YOU ARE HERE: LAT HomeCollections


Howard to Need English Patience

June 01, 2003|GRAHAME L. JONES

Tim Howard, the goalkeeper of the future for the United States and already the established third choice behind Brad Friedel and Kasey Keller, apparently is going to be joining Manchester United.

The ramifications of such a move are fourfold:

* It's tremendous for Howard, a 6-foot-3, 210-pound keeper from North Brunswick, N.J., who, according to one report, will thereby become an instant millionaire at 24.

* It's not quite as tremendous for Major League Soccer, which will lose one of its higher profile players for a sum variously reported at $2.5 million to $3 million.

* It's not at all tremendous for the New York/New Jersey MetroStars and their coach, Bob Bradley. Losing Howard will be a significant blow to a team that finally, after seven years, has begun to show signs of life.

* It's just another pawn being pushed across a chessboard for Manchester United. In the greater scheme of things, Howard's signing will not even be close to the most newsworthy move Coach Alex Ferguson makes during the off-season. Once he sells David Beckham, grabbing Brazilian World Cup winner Ronaldinho from Paris Saint-Germain will be Ferguson's headline-maker. Wait and see.

This last point is the one Howard should examine closely. He is going from big fish, small pond to small fish, big pond. He is not, repeat not, going to step straight into a starter's role at the English Premier League champion. Not a chance.

In fact, it might be years, if ever, before Howard sees his name penciled into any Manchester United's starting lineup other than a friendly match.

Howard is a fine goalkeeper and an engaging personality. He might be the most promising keeper the U.S. has produced in years, but he simply is not experienced enough at the highest level for Ferguson to take such a chance. Not when Ferguson's stated intent is to regain the European Champions Cup next season.

One look at the Premier League experiences of Keller and Friedel should tell Howard all he needs to know.

As late as last season, after a dozen years in England and Spain, Keller still was battling to be the first-choice goalkeeper at Tottenham Hotspur. It was only this season that he made the position his own.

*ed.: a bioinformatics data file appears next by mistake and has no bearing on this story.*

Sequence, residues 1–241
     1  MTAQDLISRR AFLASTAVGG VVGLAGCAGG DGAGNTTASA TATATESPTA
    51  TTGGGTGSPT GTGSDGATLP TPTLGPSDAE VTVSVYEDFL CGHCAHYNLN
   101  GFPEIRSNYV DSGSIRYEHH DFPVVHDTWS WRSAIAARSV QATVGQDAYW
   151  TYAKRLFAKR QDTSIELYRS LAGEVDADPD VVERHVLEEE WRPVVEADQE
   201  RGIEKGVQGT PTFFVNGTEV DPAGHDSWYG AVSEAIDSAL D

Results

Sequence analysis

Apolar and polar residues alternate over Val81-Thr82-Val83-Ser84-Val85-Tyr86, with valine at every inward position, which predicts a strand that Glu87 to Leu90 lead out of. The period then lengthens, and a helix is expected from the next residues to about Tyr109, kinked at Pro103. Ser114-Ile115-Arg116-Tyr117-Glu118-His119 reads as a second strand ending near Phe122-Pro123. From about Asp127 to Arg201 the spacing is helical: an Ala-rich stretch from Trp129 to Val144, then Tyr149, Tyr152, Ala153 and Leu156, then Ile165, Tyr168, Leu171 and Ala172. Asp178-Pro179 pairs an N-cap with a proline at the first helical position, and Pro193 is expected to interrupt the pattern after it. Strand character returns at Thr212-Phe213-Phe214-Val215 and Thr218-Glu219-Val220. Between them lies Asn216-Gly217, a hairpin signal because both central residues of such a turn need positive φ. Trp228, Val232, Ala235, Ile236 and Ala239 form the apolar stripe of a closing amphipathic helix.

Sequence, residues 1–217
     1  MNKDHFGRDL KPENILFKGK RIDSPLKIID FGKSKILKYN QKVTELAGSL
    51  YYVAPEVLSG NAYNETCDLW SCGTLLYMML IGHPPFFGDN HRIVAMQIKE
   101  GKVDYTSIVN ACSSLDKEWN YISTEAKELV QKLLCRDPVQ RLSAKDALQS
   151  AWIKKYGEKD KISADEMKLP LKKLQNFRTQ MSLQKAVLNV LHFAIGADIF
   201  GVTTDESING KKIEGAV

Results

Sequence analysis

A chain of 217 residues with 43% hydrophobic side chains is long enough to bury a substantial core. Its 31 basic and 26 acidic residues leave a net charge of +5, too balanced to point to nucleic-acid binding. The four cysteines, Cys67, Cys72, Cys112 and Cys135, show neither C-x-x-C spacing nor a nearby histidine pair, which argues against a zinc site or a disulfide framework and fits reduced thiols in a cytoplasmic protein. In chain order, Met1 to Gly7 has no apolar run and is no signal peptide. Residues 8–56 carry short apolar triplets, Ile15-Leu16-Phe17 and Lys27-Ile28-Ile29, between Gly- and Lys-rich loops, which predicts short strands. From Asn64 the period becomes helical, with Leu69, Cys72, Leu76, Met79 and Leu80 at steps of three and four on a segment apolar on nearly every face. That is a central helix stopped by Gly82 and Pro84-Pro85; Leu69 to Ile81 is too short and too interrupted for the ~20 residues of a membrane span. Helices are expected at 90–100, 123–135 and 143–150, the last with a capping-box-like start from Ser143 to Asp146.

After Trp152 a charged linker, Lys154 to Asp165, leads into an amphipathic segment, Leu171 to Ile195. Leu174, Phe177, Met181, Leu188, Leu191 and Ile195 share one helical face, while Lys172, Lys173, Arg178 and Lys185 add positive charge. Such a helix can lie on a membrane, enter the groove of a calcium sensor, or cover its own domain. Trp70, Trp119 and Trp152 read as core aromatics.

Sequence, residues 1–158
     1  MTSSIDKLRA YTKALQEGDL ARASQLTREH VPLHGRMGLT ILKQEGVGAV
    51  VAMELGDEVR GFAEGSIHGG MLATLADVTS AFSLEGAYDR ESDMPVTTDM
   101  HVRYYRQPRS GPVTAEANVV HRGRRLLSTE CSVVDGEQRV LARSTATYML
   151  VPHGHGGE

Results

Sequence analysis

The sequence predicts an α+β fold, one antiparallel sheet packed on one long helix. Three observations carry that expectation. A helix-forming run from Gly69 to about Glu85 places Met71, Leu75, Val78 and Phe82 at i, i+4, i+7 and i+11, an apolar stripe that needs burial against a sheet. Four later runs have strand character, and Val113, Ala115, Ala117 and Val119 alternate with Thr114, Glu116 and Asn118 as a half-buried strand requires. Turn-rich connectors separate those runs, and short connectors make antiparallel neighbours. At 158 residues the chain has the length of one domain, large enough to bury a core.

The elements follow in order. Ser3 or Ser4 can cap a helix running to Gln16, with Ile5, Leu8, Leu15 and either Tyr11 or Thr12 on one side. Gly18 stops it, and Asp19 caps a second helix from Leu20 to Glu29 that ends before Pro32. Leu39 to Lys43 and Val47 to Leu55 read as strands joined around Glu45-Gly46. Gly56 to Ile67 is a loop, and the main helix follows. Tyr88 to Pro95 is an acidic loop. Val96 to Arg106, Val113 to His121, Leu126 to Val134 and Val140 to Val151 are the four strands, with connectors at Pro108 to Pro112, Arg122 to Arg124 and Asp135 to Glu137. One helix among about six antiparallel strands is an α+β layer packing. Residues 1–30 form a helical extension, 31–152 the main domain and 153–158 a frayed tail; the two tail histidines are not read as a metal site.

And these days' Spurs are a small blip on the soccer radar compared to Manchester United.

Friedel, meanwhile, never could become the acknowledged starter at Liverpool, even though he deserved it, and it was not until he moved to the Blackburn Rovers that his career in England took off. This season he was the Premier League's goalkeeper of the year.

But Howard doesn't have Keller's 13 years, or Friedel's six years in Europe. His resume reads: four-plus years in MLS. Manchester United is not going to put a relative rookie between the posts. Just look at its recent history:

When United signed Danish keeper Peter Schmeichel from Brondby in Denmark in 1991, it cost the club only $960,000.

The next year, Schmeichel's play helped propel Denmark to its first European Championship title and, during his nine seasons, at Old Trafford, Schmeichel was the unquestioned starter as United won the European Champions Cup (in 1999), the Premier League title five times, the English F.A. Cup three times and the English League Cup once.

When Schmeichel retired from soccer last month at 39, Kevin Keegan, England's former captain and now Manchester City's coach, called him "the best goalkeeper the Premier League has ever known."

And Howard is supposed to step into those shoes?

Well, not directly. When Schmeichel left Manchester United for Sporting Lisbon in Portugal in 1999, Ferguson fumbled around trying to find a replacement. One notable failure, among several, was Australian national team goalkeeper Mark Bosnich.

Finally, in May 2000, Ferguson reached across the English Channel and signed Fabien Barthez from AS Monaco for $12.5 million.

All Barthez had done was win the World Cup with France in 1998, his bald head and eccentric style making him one of the most popular figures at the France '98 tournament.

With Barthez in the nets, Manchester United has piled up more silverware, including the Premier League title this season, but the Frenchman's penchant for a lively and very public lifestyle has been less a problem for United than his sometimes glaring mistakes in the nets.

When Manchester United was ousted from the Champions League by Real Madrid last month, the writing was on the goal post for the 31-year-old Barthez: Adieu.

"It seems I am not good enough," he told an English tabloid, the Sun, after being dropped in favor of backup Roy Carroll, who is the national team backup for Northern Ireland.

Carroll, though, apparently, is not considered good enough to step up permanently. In the last few weeks, speculation has been rife in Europe over who will replace Barthez, even though the Frenchman still has four years remaining on his contract.

Los Angeles Times Articles